Police misconduct

Posted: October 17th, 2013






Police misconduct

            Police misconduct refers to unacceptable conduct from police officers in their line of duty. Police misconduct could occur in many ways like assaulting civilians, corruption, off-duty misconduct or obstructing justice. Police officers are required to maintain law and order in the states. If they become undisciplined, civilians will be vulnerable and have no one to protect them. In 2005, a study was carried out and it was found out that police are loyal to each other and cannot report misconduct. After making enquiries, this claim was denied by their superiors.

This issue is a serious problem to the society. There are reported cases where police collaborate with criminals and they cover up their actions. For example, police officers receive bribes to be silent about drug dealers in their area of jurisdiction. Many people are aware of police malpractices but they overlook them. Some defend and say police officers cannot be perfect. This attitude creates a suitable environment for police officers to be lenient with their duties. It also makes them go unpunished when they become in discipline (Kuhns & Knutsson, 12).

It is embarrassing to report police misconduct and then receive threats for this. This action discourages people who are willing to stop this problem. Some of the police officers are against overlooking police mistakes and they are helping to stop this trend. One former police officer has introduced a website where civilians can report police misconduct. The most common place with police misconduct is Los Angeles Police Department (Gerdes, 57). There has been many complains until the department was placed under federal review. The greatest case so far is the incident on Rodney King.

The incident with Rodney Kings aroused great concern on taming the wild behavior in police officers. They brutally handled King during arrest, which is totally against laws governing police officers’ actions. Although King was against the law, the police officers had no mandate to violate his human rights. They flogged him until he was seriously injured. According to the law, a police should arrest a suspect, charge him then he should be arraigned in court. This was not what happened to King. After being arrested, he was beaten with batons and electrocuted with a laser. King sued for compensation and the officers were charged for assaulting a suspect.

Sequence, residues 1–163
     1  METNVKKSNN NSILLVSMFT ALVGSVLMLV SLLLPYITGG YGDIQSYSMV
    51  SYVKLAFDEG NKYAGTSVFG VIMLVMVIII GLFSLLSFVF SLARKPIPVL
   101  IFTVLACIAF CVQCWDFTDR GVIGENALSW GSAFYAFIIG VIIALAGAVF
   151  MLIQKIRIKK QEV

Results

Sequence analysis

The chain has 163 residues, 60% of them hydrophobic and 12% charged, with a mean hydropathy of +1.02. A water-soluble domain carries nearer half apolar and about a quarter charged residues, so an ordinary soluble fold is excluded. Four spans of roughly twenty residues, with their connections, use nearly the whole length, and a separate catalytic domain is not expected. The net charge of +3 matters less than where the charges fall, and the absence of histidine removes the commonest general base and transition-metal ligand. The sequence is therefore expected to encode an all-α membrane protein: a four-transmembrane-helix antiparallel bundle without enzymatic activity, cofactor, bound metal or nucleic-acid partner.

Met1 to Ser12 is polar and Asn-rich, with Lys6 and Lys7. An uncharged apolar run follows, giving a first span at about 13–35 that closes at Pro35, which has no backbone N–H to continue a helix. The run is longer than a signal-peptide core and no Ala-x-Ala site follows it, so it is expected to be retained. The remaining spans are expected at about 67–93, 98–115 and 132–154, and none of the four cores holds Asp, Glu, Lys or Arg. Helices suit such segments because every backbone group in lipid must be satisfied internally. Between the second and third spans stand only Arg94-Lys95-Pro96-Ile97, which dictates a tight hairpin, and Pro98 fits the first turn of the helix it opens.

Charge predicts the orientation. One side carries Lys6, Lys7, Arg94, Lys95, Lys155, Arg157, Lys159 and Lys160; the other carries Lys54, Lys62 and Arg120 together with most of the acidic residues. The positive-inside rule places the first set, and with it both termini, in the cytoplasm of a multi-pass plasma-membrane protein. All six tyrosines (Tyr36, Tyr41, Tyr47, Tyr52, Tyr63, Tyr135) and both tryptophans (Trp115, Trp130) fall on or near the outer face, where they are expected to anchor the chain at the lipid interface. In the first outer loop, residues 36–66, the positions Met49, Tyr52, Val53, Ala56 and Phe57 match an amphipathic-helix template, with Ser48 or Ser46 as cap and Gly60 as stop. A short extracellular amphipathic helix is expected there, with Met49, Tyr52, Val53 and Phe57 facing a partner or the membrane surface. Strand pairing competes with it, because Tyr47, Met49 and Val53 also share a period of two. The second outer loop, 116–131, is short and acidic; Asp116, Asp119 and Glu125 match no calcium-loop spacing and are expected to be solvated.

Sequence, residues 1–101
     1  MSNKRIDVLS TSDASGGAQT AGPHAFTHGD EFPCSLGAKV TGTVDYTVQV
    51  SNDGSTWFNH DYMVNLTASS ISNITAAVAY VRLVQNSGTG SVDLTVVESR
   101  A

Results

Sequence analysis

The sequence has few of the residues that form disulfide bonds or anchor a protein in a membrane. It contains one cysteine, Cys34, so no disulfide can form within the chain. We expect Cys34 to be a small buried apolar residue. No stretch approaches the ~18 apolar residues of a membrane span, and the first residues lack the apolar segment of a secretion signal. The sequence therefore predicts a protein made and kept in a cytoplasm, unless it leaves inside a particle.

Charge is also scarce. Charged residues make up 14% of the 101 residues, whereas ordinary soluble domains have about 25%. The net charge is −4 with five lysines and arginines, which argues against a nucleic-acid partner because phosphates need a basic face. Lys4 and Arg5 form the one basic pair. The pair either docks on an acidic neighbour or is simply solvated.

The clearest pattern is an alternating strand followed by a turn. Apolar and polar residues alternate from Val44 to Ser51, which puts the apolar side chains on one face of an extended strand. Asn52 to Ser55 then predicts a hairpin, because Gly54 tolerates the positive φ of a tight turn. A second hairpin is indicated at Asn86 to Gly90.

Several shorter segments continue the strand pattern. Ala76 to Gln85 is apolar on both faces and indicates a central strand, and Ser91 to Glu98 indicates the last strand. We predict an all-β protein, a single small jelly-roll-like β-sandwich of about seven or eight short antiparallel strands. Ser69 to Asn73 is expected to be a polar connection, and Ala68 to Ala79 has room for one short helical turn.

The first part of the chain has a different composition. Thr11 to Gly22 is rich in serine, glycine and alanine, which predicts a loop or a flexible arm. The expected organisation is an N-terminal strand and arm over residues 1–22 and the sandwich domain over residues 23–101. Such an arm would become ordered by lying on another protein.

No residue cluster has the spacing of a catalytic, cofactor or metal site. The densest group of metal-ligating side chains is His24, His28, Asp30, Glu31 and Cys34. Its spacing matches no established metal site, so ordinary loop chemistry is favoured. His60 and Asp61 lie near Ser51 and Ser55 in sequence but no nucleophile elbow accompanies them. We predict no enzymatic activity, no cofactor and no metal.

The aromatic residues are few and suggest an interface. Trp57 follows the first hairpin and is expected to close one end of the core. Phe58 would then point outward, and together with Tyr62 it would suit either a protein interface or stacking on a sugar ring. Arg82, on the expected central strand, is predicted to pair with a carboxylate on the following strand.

Another recent incident displaying police misconduct was in New York. A teenager was shot forty one times by a police officer. The police claimed he had received information from Anti-Narcotic unit officers that the teenager had a gun. He had been seen adjusting his waistband and the officers thought he had a gun. The officer chased him up to his home bathroom in Wakefield neighborhood. This could be a case of racism because the officer was white and the act of shooting unarmed black teenager forty one times, must be out of racism.

Abner Louima was Haitian who was harassed because of his race. Some white officers arrested him and took him to Brooklyn Station House. They beat him while he was in the bathroom. The officers used a toilet plunger to shove it in his rectum and then in his mouth. Police officers have no right to harass any one because of his color, gender or ethnicity. They swore to protect all citizens. In the two cases, the officers involved were arraigned in court and sentenced for their brutal actions. They should be an example to other violent officers who are yet to reform.